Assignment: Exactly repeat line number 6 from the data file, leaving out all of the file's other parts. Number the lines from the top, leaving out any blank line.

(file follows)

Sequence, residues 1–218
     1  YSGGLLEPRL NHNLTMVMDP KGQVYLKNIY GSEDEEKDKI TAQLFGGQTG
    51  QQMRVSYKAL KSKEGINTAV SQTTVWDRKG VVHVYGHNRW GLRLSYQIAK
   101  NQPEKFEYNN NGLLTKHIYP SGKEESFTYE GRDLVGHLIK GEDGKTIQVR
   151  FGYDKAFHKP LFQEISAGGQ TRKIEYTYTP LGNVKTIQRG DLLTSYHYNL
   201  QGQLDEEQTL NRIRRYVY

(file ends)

   201  QGQLDEEQTL NRIRRYVY